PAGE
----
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How will schools be able to go back in September? (Continued)

  • 04-08-2020 8:49am
    #1
    Registered Users Posts: 11,640 ✭✭✭✭ meeeeh


    Recent extensive studies of over 60,000 contacts in South Korea have shown over 10s are as likely to catch and transmit CoViD-19 as adults, if not more likely.¹

    And the mortality rate among children? Yes kids catch and transmit the disease but they are at a low risk to die from it. UN put out a warning that decades of progress could be lost and inequality increased if kids can't get back to school. That's a lot more real risk to kids.


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Comments

  • Registered Users Posts: 33,790 ✭✭✭✭ Boggles


    What action do you think they should take?

    I doesn't really matter what I think.

    I was merely pointing out your misunderstanding of what they were actually doing.


  • Registered Users Posts: 1,608 ✭✭✭ jrosen


    Millem wrote: »
    They are better holding off if they can get another ecce year.
    My son is going into senior infants and I have heard of 2 kids in his year who’s parents have asked to repeat JI. They would be one of the youngest in the year as they didn’t take the second year of ecce. The school have said no!

    How would they get another ECCE year? Surely all new children are enrolled and due to start in September. I would think it highly unlikely they will be able to go back to their preschools and do another year.


  • Closed Accounts Posts: 1,365 ✭✭✭ Alrigghtythen


    Boggles wrote: »
    I doesn't really matter what I think.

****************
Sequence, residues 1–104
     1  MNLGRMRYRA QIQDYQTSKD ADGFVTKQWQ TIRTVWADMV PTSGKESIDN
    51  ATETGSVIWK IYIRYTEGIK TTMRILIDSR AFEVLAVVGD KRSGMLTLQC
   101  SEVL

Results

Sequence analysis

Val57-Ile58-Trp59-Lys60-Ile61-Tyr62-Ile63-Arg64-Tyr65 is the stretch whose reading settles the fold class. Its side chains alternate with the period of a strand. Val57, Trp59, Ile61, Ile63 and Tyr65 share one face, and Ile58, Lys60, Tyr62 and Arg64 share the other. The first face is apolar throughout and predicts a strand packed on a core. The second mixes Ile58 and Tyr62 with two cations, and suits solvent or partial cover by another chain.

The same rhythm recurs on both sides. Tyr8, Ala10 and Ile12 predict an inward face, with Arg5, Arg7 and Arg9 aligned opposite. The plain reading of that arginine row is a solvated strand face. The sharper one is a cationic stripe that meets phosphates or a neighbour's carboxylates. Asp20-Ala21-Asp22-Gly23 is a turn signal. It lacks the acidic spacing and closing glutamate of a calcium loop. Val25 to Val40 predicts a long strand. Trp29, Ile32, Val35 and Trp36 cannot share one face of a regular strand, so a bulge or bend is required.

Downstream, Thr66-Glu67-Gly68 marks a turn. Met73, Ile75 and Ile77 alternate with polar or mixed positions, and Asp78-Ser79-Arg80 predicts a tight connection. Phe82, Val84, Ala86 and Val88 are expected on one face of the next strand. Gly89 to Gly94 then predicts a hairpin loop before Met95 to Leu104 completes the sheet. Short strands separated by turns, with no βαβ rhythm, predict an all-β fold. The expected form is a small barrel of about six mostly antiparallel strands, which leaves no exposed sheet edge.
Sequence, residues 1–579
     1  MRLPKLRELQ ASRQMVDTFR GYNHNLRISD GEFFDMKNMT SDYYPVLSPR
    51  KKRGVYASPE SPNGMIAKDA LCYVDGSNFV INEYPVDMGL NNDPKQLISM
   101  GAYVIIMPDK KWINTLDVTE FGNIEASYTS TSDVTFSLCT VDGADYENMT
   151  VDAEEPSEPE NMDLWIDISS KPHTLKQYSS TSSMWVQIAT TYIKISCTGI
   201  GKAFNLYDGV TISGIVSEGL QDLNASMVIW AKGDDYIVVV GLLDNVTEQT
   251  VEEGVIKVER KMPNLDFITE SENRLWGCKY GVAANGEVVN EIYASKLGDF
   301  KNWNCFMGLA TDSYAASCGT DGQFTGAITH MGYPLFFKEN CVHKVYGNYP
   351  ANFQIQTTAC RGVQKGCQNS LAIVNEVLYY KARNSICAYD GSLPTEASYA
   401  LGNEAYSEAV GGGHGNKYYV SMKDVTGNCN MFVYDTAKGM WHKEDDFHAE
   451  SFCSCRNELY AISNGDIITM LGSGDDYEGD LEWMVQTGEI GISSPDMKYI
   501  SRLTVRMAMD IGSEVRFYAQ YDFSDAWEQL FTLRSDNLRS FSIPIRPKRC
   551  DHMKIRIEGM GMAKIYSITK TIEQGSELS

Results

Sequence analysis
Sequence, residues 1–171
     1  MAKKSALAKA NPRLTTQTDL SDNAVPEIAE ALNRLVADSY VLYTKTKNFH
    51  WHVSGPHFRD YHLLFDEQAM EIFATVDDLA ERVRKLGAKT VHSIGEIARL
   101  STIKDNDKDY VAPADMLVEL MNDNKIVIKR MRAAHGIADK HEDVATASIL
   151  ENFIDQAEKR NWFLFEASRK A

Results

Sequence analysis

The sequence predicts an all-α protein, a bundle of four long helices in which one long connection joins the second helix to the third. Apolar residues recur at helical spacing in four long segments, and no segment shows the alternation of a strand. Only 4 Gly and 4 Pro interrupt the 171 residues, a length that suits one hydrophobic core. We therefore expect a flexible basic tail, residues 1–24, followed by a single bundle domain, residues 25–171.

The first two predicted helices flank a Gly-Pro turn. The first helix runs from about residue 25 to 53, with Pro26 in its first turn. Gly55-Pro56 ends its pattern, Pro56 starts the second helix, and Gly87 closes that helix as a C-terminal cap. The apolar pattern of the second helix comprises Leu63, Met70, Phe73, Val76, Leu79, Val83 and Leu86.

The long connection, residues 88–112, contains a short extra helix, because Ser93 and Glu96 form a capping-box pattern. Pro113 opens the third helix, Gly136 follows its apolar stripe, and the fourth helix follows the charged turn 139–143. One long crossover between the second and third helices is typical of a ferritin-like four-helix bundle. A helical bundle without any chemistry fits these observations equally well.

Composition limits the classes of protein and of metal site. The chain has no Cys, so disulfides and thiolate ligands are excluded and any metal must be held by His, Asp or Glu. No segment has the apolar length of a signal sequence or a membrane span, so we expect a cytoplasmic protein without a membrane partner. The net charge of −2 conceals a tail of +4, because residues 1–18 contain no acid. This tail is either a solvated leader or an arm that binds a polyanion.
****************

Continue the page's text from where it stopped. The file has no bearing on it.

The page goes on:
I was merely pointing out your misunderstanding of what they were actually doing.

    Contract tracing is fairly standard these days.


  • Registered Users Posts: 1,073 ✭✭✭ Sammy2012


    jrosen wrote: »
    How would they get another ECCE year? Surely all new children are enrolled and due to start in September. I would think it highly unlikely they will be able to go back to their preschools and do another year.

    My daughter is starting school in September but would be entitled to another year of ECCE if we wanted it. They don't apply for funding until Sept and she won't be 5 until January so would be eligible for it this year.


  • Registered Users Posts: 13,315 ✭✭✭✭ Loafing Oaf


    meeeeh wrote: »
    And the mortality rate among children? Yes kids catch and transmit the disease but they are at a low risk to die from it.

    Do you think many parents would take the attitude that "since my child is extremely unlikely to actually die from Covid-19, I don't need to worry about them catching it."?


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  • Registered Users Posts: 7,728 ✭✭✭ Millem


    jrosen wrote: »
    How would they get another ECCE year? Surely all new children are enrolled and due to start in September. I would think it highly unlikely they will be able to go back to their preschools and do another year.

    My youngest son will be doing his ECCE in September. I don’t fill out the forms until then. Now obviously you would need a space in a Montessori too!


  • Registered Users Posts: 1,608 ✭✭✭ jrosen


    Millem wrote: »
    My youngest son will be doing his ECCE in September. I don’t fill out the forms until then. Now obviously you would need a space in a Montessori too!

    But you have enrolled him though? So his name is down and he has a place? Unless kids due to start in September also defer their place there will be no places available for kids to stay back and do another year.


  • Registered Users Posts: 8,399 ✭✭✭ wirelessdude01


    I guess that's the one extra teacher per school accounted for. If this is anyway regular they will end up having to spend a signoficant amount of their time supervising those in isolation. Now just to find the spare room (after implementing all that good social distancing) to put them in.

    You do know primary schools aren't getting 'one extra teacher'.


  • Registered Users Posts: 1,608 ✭✭✭ jrosen


    Sammy2012 wrote: »
    My daughter is starting school in September but would be entitled to another year of ECCE if we wanted it. They don't apply for funding until Sept and she won't be 5 until January so would be eligible for it this year.